NASHVILLE — Despite the Supreme Court decision in June that legalized same-sex marriage nationwide, leading evangelicals vowed this week that the fight to keep marriage between a man and a woman is not over.
“In mandating same-sex marriage for all 50 states, the Supreme Court didn’t just get marriage wrong, it got government wrong,” Jennifer Marshall, a vice president of the Heritage Foundation, a D.C.-based conservative think tank, told a gathering of evangelicals in Nashville on Wednesday.
Leading Christian and political conservatives met at the Gospel and Politics: The Ethics and Religious Liberty Commission National Conference. The group is the political and policy arm of the Southern Baptist Convention, the largest Protestant Christian group in the country.
The conference was the second one this week by the Christian group. Leader Russell Moore interviewed presidential candidates Jeb Bush and Marco Rubio at a missions conference Tuesday.
Moore previously told CNN that the fight to reverse the Supreme Court’s recent ruling will be a long one.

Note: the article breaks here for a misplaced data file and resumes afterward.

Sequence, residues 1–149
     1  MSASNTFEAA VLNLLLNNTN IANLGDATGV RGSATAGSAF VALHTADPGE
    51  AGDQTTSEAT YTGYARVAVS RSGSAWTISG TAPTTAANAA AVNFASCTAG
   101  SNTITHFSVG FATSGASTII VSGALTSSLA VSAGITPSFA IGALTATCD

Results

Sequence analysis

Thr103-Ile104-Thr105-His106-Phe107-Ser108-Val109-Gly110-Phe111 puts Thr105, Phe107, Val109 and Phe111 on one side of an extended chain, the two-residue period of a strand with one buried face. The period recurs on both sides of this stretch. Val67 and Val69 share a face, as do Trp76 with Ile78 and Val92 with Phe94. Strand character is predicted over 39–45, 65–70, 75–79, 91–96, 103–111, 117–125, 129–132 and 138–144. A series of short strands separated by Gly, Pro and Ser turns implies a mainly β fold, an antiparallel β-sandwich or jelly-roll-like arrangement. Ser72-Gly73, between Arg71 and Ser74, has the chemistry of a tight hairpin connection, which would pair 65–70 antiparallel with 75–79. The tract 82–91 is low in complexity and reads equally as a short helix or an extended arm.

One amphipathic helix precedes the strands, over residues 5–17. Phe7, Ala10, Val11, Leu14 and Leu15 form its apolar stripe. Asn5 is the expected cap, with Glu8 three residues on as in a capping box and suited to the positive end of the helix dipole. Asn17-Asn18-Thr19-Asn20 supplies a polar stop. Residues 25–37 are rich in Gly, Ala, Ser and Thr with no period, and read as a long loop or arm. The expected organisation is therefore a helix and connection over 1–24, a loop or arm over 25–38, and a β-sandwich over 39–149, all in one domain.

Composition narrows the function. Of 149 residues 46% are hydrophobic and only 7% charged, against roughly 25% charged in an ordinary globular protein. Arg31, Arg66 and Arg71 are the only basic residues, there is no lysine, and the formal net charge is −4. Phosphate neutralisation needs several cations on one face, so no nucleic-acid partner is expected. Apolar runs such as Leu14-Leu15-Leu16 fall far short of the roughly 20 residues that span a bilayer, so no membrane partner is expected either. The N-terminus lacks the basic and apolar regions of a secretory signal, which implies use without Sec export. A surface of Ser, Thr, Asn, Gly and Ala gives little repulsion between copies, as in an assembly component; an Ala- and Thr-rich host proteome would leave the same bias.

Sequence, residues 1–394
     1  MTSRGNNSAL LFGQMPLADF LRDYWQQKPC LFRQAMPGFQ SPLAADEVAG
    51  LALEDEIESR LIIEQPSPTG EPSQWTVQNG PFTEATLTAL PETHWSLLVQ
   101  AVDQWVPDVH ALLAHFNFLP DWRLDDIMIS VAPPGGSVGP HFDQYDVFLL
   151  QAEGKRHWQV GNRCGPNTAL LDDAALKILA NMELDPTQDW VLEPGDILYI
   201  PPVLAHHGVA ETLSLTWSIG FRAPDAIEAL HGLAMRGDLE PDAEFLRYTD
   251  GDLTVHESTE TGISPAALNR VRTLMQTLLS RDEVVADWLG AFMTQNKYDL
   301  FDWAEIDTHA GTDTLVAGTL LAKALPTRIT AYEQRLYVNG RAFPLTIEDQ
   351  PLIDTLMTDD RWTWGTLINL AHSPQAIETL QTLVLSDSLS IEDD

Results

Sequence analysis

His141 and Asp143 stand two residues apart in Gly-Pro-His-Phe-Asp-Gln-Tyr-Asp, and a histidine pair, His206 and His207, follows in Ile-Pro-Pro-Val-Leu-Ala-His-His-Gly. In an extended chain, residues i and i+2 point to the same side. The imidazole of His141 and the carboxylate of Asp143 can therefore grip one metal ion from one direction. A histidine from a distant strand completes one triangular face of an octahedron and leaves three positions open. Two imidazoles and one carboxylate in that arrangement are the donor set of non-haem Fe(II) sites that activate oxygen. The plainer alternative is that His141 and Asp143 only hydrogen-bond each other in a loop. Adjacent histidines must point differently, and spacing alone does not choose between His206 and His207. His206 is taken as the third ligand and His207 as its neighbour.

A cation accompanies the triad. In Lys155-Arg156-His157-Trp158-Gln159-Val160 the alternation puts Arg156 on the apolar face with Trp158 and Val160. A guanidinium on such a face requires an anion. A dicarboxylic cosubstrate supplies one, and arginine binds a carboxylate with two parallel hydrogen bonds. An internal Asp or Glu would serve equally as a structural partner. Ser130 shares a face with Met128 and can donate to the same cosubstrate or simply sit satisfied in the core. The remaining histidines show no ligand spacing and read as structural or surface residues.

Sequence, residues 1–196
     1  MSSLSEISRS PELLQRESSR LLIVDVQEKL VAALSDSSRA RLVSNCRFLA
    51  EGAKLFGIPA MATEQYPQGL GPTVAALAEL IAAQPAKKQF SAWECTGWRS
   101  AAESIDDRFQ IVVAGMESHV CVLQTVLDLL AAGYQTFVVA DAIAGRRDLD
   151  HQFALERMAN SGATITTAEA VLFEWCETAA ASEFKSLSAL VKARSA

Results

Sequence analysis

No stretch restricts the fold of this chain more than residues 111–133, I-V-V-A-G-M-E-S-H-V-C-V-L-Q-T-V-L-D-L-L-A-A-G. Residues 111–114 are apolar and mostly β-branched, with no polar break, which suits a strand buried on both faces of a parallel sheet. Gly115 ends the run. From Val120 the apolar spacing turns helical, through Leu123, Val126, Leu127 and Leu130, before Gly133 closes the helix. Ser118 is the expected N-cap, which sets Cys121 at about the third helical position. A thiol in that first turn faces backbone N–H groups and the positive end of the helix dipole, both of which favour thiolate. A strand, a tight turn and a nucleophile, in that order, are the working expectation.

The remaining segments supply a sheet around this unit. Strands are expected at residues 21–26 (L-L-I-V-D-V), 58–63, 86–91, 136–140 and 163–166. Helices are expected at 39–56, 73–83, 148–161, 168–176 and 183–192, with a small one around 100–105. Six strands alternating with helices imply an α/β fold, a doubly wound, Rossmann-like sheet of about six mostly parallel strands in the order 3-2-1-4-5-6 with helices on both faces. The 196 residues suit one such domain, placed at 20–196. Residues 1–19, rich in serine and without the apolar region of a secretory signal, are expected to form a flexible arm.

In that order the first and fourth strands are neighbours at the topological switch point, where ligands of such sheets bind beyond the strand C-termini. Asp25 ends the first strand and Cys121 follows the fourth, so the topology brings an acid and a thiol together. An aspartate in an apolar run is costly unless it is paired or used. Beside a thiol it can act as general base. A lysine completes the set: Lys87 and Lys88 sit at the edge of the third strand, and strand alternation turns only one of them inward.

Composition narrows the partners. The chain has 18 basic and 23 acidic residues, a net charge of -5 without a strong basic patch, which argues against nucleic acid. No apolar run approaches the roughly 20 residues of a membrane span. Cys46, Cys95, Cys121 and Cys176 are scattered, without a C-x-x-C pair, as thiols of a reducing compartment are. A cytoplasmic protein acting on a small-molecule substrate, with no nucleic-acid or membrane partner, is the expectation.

“This will not be resolved by a presidential election or two,” he said following the ruling. “This is a 100-year struggle in front of us in terms of what the definition of marriage and family means and should mean.”
Moore, who has met with President Barack Obama, reinforced that sentiment this week, telling the crowd to stay engaged despite widespread sentiment that the fight over same-sex marriage is finished in the wake of the high court’s ruling.
“Citizenship is an office in this country that all of us is invested in,” he said. “We engage politically. We engage socially, but we don’t forget who we are.”
To believe that conservative Christians have lost the fight against same-sex marriage is misguided, Marshall said.
“For the Christian, fatalism is a flaw. Cynicism is sin,” she said. “Replace a sense of resignation with a sense of responsibility for the future.”
Moore said Christians should not view cultural shifts on marriages as victims, but to acknowledge that times have changed.
“You and I are not in threat of persecution in America,” he said. “But we have seen in American society that the illusion of a Christian majority is now gone.”